Women, Life, Freedom! A Message to the Iranian Government from a Young Woman of Iranian Descent


On September 13th, 2022, Mahsa Amini, a twenty-two-year-old young woman was taken into custody in Iran. 

On September 16th, 2022, she died after being in a coma. The new movement around the world to raise awareness about the terroristic Islamic government in Iran and teach about Mahsa Amini, as well as the movement to give a voice to young women under the oppression of a misogynistic government has been at a high in the past few weeks. 

Amini was twenty two years old when she was taken into custody because her hijab was too loose, therefore not complying with the strict Islamic dress code. After the Islamic revolution in 1981, hijabs have been mandatory throughout Iran. On her way to an ‘education center’, Amini was beaten to within an inch of her life by morality police and she landed in a coma. She died three days later. The morality police, as well as the government, called it heart failure. When her family spoke out about Amini’s abuse, they said that the bruises and wounds scattered across her body had a different story to tell about her death. 

A young woman was brutally murdered by morality police because her headcovering was too loose. As unfortunate as Mahsa Amini’s death was, it has given courage to all women and has reminded us that the fight for our rights should never stop. Her story, specifically, is igniting vicious and passionate protests, as well as the one solution, revolution movement. If oppressive and entitled men do not back down, neither will we. If they think that they can prolong the battle by worsening our situation, they’re in for a rude awakening, because women don’t stop fighting. Women around the world are protesting, from Tehran to New York City. Horrifyingly, women are still being killed by the government for speaking out for Amini. “We ask the judiciary to deal decisively with the perpetrators of these crimes and with all those who assisted in the crimes and provoked rioters,” as stated by the government in Iran. For fighting for justice, women are still dying at the hands of the Islamic regime. In the flames burning hijabs through the streets of Iran are the bodies of passionate young women who know they deserve rights. It never ends. It will not end until all women unite to fight for their rights.

I am the granddaughter of an Iranian immigrant. This article is very close to my heart, because if not for my grandfather, I would have been in the same situation as these young women fighting for their rights. Ms. Rahimzada, my Tanakh teacher and daughter of Teherani parents, spoke out about the Islamic regime and misogynistic government in Iran: “I have never really felt a negative stigma on my heritage, which I have always viewed as deeply rich and colorful, although the current circumstances in Iran make things a little bit blurry. It’s important to me to be constantly reminding myself that the current situation in Iran is directly linked to the current government, and not the country as a whole, especially the one that my ancestors knew and loved so much. The distinction helps me separate my family’s heritage and culture from the deep issues that exist in the current Islamic regime that is controlling the country.” As a young woman of Iranian descent, I do not want to view my family’s homeland as a threat to my existence because it is only the government that is willing to murder for its values. The deep and vivacious culture that my grandparents built their home on should not be forgotten because of the oppressive Islamic regime. It is sickening that a government would murder a woman without thinking twice, using their religion to justify this, and lie about their crime. Government is supposed to protect their citizens, not kill the innocent ones, and more importantly, not let the violators of the law run free. As the granddaughter of an Iranian Immigrant, I chose to play my part in the fight to bring justice to Mahsa Amini and women around the world who are constantly being crushed by the patriarchy. I love my family and the beautiful Persian culture, but the rulers of my ancestors homeland are corrupt.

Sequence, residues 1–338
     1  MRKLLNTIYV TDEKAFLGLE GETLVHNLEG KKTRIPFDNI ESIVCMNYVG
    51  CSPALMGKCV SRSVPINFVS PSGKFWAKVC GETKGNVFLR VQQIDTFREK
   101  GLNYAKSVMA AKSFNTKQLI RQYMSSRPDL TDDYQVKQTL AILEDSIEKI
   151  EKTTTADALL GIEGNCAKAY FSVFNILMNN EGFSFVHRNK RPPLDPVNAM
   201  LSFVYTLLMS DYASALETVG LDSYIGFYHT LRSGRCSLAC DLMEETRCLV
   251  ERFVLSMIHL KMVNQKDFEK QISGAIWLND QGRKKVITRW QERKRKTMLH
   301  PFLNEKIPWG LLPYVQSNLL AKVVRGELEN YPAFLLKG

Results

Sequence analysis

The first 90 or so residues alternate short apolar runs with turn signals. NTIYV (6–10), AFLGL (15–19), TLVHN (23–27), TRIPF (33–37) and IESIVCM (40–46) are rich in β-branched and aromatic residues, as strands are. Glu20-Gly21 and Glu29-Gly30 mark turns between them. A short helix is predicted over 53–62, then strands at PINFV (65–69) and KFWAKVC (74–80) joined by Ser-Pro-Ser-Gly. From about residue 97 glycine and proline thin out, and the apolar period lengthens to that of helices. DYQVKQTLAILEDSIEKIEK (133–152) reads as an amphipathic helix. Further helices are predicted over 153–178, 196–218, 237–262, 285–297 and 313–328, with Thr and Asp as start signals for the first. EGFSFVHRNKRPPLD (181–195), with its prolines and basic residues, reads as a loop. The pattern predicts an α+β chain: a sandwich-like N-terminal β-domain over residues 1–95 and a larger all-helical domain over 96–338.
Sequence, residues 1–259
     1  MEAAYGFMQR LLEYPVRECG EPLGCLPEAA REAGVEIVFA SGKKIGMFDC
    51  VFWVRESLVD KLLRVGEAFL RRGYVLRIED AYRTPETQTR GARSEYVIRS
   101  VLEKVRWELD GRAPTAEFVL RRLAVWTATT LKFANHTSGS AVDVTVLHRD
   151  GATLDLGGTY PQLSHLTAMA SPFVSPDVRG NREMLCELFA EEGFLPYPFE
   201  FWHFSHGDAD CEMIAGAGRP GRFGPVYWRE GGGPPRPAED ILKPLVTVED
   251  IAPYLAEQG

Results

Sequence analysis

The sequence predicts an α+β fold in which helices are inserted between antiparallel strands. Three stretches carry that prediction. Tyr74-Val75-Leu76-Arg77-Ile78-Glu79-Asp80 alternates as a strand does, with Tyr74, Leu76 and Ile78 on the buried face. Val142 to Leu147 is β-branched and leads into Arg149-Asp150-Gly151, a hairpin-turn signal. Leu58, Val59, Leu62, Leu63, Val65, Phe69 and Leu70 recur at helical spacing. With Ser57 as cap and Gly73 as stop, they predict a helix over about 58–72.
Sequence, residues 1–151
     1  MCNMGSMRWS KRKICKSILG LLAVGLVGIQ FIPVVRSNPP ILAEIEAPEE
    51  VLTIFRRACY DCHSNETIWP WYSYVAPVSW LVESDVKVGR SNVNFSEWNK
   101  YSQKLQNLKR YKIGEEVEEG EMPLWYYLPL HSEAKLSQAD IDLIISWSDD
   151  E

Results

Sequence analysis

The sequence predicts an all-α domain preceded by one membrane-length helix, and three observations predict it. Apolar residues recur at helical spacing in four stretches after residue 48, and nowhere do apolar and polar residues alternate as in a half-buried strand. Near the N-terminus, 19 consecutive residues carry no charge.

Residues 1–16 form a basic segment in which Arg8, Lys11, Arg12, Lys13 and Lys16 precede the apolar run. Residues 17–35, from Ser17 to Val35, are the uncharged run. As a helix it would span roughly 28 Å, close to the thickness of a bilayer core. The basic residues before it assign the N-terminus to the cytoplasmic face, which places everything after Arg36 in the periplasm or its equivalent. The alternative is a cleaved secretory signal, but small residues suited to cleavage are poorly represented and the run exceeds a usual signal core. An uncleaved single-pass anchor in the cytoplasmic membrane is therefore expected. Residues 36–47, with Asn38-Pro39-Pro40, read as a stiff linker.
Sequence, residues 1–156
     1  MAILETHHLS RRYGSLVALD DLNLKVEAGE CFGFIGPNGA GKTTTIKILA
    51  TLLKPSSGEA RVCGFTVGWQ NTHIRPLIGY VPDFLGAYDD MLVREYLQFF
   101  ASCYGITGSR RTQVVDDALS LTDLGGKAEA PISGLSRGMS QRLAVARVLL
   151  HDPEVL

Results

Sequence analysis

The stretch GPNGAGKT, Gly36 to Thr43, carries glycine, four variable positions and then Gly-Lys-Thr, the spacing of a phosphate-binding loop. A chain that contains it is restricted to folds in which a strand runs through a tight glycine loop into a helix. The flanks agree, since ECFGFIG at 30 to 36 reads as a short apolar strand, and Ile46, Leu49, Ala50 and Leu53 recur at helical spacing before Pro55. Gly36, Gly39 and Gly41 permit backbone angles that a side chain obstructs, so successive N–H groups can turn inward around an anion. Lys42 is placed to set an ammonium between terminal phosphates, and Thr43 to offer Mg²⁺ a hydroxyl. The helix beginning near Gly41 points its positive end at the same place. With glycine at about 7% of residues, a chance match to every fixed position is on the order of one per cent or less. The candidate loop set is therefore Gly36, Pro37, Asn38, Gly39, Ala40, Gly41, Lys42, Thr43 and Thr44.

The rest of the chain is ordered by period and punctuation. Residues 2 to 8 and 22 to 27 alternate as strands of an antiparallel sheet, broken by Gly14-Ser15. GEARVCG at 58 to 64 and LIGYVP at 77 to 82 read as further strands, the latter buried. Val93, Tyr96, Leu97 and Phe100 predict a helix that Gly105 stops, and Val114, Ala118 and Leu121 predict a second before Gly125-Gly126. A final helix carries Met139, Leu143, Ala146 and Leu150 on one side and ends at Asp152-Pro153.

A few weeks ago, my family and I went to a rally in protest against the Iranian government. The thirty minutes I spent standing in a crowd of passionate young women was an enlightening experience, because the moment I got there, women were chanting and crying in protest of the oppressive Iranian government. It was an overwhelmingly meaningful experience for me. 

I know that the likelihood of Ebrahim Raisi, president of Iran, and the rest of his government reading this is tremendously low, but I hope he hears what I, and women around the world, have to say to him: You can take away our human rights, our lives, but no matter how hard you try, our cries for freedom will drown you. No matter how hard you try to put us down, we will never stop fighting. Our rights are just as important as anyone else’s’, including yours. If your citizens are afraid to walk down the street in fear of being harassed and murdered, you are doing something wrong. If there’s anything we can do, it’s time to raise our voices.